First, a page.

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Pregnant Asylum-Seekers Denied Access To Court Hearings And Other Local News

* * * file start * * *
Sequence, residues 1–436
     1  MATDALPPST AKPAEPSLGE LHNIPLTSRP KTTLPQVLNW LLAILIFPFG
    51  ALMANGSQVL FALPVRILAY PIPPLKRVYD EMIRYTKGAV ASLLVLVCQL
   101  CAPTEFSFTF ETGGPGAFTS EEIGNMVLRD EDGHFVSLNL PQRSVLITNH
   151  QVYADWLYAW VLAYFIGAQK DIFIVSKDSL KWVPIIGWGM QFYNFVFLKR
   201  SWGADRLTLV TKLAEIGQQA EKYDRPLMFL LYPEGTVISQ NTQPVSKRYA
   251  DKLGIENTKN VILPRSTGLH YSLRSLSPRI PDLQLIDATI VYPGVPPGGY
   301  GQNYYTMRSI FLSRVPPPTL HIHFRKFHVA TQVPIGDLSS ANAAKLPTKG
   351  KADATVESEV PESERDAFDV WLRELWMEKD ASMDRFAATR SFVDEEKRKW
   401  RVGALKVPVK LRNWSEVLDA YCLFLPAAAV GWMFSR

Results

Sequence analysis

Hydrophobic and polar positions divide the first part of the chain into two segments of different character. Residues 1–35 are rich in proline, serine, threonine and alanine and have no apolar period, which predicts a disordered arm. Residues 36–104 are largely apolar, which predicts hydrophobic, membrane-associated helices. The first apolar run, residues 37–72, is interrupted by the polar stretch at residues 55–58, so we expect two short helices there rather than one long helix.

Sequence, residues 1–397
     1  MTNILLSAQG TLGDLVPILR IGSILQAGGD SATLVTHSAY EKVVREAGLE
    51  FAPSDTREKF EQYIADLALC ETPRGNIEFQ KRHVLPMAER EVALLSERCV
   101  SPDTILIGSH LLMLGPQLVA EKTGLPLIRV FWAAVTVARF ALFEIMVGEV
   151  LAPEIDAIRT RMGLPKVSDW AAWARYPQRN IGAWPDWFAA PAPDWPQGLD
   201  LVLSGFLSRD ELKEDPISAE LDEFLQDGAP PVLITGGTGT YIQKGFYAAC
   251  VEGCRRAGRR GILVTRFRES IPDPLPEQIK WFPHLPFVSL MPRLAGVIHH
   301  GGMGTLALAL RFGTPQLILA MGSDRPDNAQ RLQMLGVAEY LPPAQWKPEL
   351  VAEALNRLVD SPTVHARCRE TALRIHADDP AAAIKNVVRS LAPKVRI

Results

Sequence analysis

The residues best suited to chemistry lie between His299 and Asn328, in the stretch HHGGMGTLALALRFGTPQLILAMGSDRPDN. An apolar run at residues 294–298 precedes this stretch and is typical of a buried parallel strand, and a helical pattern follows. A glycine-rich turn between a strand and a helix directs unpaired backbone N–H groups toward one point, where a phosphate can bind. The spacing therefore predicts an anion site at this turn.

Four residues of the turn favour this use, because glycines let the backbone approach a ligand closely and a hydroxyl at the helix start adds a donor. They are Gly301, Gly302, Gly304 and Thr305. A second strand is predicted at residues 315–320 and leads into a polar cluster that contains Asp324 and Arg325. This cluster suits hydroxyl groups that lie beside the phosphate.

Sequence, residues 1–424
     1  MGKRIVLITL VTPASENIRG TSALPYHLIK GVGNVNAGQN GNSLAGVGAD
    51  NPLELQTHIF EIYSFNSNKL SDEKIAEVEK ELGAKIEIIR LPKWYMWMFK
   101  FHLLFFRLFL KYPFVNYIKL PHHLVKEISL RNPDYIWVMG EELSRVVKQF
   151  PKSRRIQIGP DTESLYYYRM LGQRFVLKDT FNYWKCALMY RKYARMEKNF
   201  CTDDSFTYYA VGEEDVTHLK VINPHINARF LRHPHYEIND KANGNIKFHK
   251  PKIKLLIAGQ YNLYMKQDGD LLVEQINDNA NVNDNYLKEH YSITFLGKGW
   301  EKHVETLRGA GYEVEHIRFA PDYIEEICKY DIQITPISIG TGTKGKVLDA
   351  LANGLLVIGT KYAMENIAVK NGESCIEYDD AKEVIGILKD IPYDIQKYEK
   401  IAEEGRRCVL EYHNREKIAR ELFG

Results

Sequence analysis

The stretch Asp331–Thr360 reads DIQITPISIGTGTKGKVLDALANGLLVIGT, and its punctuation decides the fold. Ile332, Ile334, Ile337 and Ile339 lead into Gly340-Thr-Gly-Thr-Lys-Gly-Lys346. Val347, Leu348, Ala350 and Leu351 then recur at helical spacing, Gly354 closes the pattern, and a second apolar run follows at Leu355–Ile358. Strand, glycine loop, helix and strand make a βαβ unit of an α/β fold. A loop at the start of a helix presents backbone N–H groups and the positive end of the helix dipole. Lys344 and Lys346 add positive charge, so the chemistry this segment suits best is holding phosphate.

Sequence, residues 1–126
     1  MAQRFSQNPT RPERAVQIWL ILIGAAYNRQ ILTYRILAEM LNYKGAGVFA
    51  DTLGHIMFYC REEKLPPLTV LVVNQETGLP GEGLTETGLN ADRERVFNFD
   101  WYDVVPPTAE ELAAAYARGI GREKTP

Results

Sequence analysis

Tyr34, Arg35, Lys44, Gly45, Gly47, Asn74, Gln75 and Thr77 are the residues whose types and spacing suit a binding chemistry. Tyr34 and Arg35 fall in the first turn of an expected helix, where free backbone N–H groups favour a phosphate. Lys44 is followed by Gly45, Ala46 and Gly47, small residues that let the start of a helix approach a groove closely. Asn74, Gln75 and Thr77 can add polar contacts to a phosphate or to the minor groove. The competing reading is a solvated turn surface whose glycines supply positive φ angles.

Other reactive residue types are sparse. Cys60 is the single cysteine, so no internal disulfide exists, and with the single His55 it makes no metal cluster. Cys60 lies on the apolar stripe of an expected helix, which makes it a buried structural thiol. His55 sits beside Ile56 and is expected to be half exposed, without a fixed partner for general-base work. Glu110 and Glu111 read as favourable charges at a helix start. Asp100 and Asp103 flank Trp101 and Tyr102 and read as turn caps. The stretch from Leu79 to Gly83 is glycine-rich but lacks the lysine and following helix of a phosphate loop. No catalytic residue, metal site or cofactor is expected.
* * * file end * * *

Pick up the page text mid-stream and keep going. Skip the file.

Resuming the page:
February 21, 2020 at 2:46 AM PST